Mirror. Mirror. On the wall, …

I have come to accept that “Professor-He-Knows-His-Name” has decided we are not getting out of his course this summer without learning something. (Yelp. That man is very, very serious.)

For our latest adventure in learning, he did the equivalent of taking us to the top of a mountain, handed us a copy of DeYoung’ (2014) Cybernetic Big Five Theory, then pushed us off while yelling: “Learn something on your way down.” (Ha! We adore him.)

Anyway. So, this is an account of what I think I learned.  Question: Who are you anyway?

How to define you

Let’s begin where DeYoung began by explaining that the mission of personality psychology is to understand the whole person. From there, he explained that, to understand the whole person, once must examine the predictable “persisting patterns of emotion, motivation, cognition, and behaviors” of a person as determined by how they react to certain stimuli.  In the case of his study, the stimuli of interest are goal setting and goal attainment.  DeYoung puts forth that homo sapiens are all pretty much alike in biological composition. However, where we begin to become distinctly different is in our personalities or predictable behaviors (p. 33-34).

DeYoung presents the Cybernetic Big Five Theory (CB5T) as the study of the human cybernetic systems, or personalities. Specifically, CB5T theorizes, we can be defined according to five inherent evolutionary humanistic principles:

  1. natures;
  2. dispositions;
  3. characteristic adaptions;
  4. subjective life narratives based on our personal experiences and cultural and social values and mores.  (Huh?)

Okay.  Let’s break this down further. DeYoung explained that we are who we as defined by:

  1. how we set and pursue goals;
  2. how we determine which actions we will take to obtain those goals;
  3. how we take those actions;
  4. how we interpret the outcomes of those actions; and
  5. our critical reflections regarding how we performed overall during this process (p. 34)

It all boils down to how you react

Skipping ahead, DeYoung’s categorized the various “hierarchical” personality traits into five dimensions: Extraversion, Neuroticism, Agreeableness; Conscientiousness, and Openness/Intellect (p. 35-38.) Further, he opined that CB5T aligns those personality types with the predictable “high” and “low” behaviors (traits) outlined below.

  • Extraversion.  Exploration, talkative, assertive, and gregarious when high but reserved, withdrawn, silent, and inactive when low.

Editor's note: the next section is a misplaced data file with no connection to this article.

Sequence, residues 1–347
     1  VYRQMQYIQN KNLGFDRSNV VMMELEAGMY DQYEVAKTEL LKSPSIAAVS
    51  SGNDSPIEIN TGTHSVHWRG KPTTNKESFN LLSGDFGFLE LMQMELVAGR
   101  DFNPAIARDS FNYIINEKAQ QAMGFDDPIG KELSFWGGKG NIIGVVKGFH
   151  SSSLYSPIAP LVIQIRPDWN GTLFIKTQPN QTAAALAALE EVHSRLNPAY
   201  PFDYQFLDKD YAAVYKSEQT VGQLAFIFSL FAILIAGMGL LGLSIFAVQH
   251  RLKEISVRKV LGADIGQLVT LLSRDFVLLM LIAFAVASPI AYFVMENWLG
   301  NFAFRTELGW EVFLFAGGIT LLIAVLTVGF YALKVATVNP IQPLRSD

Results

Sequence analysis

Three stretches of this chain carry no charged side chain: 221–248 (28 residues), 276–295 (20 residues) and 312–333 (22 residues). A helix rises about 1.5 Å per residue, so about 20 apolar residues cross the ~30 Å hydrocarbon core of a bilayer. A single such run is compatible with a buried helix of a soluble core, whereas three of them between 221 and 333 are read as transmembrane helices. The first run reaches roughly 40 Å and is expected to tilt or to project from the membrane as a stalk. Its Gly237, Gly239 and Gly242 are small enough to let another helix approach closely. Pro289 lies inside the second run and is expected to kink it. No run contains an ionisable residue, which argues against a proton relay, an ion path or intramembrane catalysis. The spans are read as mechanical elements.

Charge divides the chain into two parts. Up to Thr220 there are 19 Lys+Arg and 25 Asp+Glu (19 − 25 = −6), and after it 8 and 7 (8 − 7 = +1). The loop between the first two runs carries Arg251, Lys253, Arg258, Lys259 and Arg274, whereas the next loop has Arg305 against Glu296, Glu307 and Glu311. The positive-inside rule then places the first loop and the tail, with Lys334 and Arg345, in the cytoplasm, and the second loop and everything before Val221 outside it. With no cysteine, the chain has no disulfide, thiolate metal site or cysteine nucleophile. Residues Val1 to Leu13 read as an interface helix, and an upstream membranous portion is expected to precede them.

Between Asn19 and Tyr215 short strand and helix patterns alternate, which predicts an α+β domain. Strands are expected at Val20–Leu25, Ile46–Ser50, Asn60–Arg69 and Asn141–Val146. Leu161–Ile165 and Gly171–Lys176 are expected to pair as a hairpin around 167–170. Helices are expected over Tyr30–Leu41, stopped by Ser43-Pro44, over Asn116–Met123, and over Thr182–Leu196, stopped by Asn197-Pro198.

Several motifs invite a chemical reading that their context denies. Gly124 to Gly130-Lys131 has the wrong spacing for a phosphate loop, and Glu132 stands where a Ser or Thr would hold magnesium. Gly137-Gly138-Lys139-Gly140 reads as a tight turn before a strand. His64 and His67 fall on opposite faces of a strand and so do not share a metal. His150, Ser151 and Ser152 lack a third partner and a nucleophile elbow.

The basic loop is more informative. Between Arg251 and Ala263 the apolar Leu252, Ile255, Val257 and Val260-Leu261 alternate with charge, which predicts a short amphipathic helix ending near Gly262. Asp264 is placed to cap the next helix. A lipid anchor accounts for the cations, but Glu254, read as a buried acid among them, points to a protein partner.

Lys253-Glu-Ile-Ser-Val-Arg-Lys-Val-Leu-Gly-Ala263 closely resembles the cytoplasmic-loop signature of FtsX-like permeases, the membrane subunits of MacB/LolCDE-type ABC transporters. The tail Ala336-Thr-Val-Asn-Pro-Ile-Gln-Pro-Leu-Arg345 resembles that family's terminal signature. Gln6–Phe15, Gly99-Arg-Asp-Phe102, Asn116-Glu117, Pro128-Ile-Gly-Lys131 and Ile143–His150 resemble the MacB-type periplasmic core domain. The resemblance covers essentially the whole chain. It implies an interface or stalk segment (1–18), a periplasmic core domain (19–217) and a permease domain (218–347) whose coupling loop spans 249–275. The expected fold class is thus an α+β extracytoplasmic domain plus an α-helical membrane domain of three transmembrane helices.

• Neuroticism. Defensive in the fact of uncertainty, threat, or punishment when low but self-confident, secure, hopeful, and unflappable when high.
  • Openness/Intellect. Cognitive exploration of goal using engagement and information when high but unimaginative, narrow-minded, and stubborn when low.
  • Conscientiousness. Organized, persistent, and responsible when high but unreliable and disorganized when low.
  • Agreeableness. Altruistic and cooperative, trustworthy, flexible, and sensitive when high but selfish, aggressive, argumentative, and impolite when low (Rasa, 2016).

DeYoung then explains how the five personalities react when faced with stressors and barriers while pursuing their goals.  For instance, Neuroticism and Extraversion personalities correlate strongly in their ability to adapt and remain positive in the face of adversity, while the other three personalities can become dysfunctional and unstable under pressure (p. 53-54).

Why it matters

DeYoung recommends that we strive to integrate and manage the high and low aspects of our personalities to avoid unnecessary destabilization and risk.  Otherwise, he warns, our distinct patterns of behavior will inhibited the “between-person”, or “within-person” selves, which is required to become well-aligned human beings. In order to accomplish this, however, DeYoung says we must abandon our “self-deceptions” so that we can make the personality adjustments necessary to continue moving forward toward accomplishing our goals.

Jennie’s Perspective

(Humph.) As a triple-diagnosed Myers-Briggs “INTJ” businesswoman and “scholar-under-construction,” my honest reaction is – whatever.  My usual position is – “Let’s just all get that work done right, okay?  We can play friends and be nice later.”

No.  These days, I do not particularly find myself engaged in a whole lot of self-deception often. Especially now that I am growing older.

I am not saying that I do not hope to stretch myself to maintain peace of mind within my space.  But, for now, I am who I am.  Moreover, I kind of like me.  As is.

Just sayin’ …

References

DeYoung, C. (2014). A cybernetic big five theory for personality psychology. Personality and Individual Differences60, S18. doi:10.1016/j.paid.2013.07.381

Raza, S. (2016, March 20). Personality Traits And The Dimensions Of Political Ideology. Retrieved from https://www.valuewalk.com/2016/03/personality-traits-and-the-dimensions-of-political-ideology/

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